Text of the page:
Support Skift’s Independent JournalismMake a Contribution Now
Ridership at Amtrak, the U.S. railway system, is down 95 percent this month, and leaders project it will suffer at least $700 million in annual adjusted operating losses during a fiscal year in which it expected to break even for the first time in its 50-year-history.
The railway’s prior CEO, Richard Anderson, made a big deal of breaking-even, and reaching that goal may have given Amtrak a boost in Washington, where some politicians ask if the company deserves so many government subsidies. But Amtrak is the national railway — it serves not only big cities, but also small towns — and the truth is, it probably doesn’t need to eke out a profit. It’s why Congress is expected to help Amtrak navigate out of the Covid-19 crisis.
“It was always about being good stewards of the money and less about what the specific P&L impact meant,” Amtrak’s chairman, Anthony R. Coscia, said Thursday on a conference call with reporters. “We don’t pay dividends to anybody. We are not doing this in some financially rewarding setting. We are trying to be as strong as possible of a company.”
Because profitability is moot, Amtrak is reacting to the crisis slightly differently than U.S. airlines, which are scrambling to cut capital projects and raise financing.
Like the airlines, Amtrak is looking to cut operating costs where possible, and it has taken about $1 billion from CARES Act funding, some for paycheck protection.
But many improvement projects will continue, with the railway using the current downtime to improve tracks and conduct other engineering work.
Amtrak also is retaining most major capital expenditures, including new cars for its Acela high-speed trains in the Northeast, and its Gateway project, which will increase track, tunnel, bridge, and station capacity in the New York area.
“It’s all grounded in our firm belief of our future role in intercity passenger operations,” said William J. Flynn, who became Amtrak’s CEO on April 15.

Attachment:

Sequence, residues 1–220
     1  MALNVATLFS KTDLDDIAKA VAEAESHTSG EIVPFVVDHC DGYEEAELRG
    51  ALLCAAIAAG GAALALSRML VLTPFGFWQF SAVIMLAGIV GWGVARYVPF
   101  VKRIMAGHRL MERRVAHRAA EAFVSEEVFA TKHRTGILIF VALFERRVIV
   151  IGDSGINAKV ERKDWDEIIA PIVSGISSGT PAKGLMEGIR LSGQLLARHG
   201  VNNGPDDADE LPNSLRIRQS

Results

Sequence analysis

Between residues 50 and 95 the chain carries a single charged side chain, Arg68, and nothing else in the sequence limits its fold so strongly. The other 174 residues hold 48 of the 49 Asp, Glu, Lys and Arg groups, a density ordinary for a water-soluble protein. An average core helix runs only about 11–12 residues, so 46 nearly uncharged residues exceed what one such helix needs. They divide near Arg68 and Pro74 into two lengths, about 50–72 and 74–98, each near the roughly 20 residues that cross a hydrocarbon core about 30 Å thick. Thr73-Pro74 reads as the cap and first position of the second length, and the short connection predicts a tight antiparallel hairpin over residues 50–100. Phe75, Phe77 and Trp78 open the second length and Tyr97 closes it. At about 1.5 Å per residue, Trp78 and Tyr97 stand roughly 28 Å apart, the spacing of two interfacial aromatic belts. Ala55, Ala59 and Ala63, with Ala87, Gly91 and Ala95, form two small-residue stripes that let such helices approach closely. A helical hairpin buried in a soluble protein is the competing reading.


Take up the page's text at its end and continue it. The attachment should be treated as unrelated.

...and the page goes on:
What About Demand?
Amtrak is only offering limited trains, mostly meant for essential workers, and Flynn said he does know know when the company will ramp up service. But the worst of this crisis could be behind Amtrak, if only because ridership cannot fall much further.
“I don’t know if we have hit bottom, but we’re down 95 percent,” Flynn said. “And numbers seem to be steady at this point.”
Still, he said he is not optimistic of a quick recovery, citing research released last week suggested most Americans don’t expect to travel again, regardless of mode, for at least three months.
While Amtrak’s leaders said they don’t know how demand will return, they guessed not all of Amtrak’s business segments will recover at the same rate. Amtrak offers three types of train lines — long distance, the Northeast Corridor, and short-haul trains in the rest of the country. Passengers likely will return to trains as regions get Covid-19 under control.
The plan is to reintroduce train service on routes as demand improves, with one exception. Last month, Amtrak suspended service on the lucrative Acela route connecting Boston, New York and Washington, D.C. Acela service will resume even before Amtrak expects many passengers will be ready to use it.
“We will reintroduce the product ahead of demand, because we don’t want that falling out of the market for too long,” Flynn said.
For now, Amtrak is selling only half the seats on each train, so it can promote social distancing. Given how few passengers it carries, this is not a major hardship.
But the railway is evaluating how to keep passengers safe once more people travel. It may continue to block half the seats, but even that’s not as easy as it sounds, because Amtrak generally does not assign seats. It might need a campaign to explain to customers that they should always leave one free space next to every passenger.
Amtrak is exploring how it can clean trains more often, perhaps even as the train is moving. It is planning to roll out more automated services to allow customers to skip queues in meal cars and at ticketing windows. These initiatives were planned before the pandemic, but should help spur social distancing.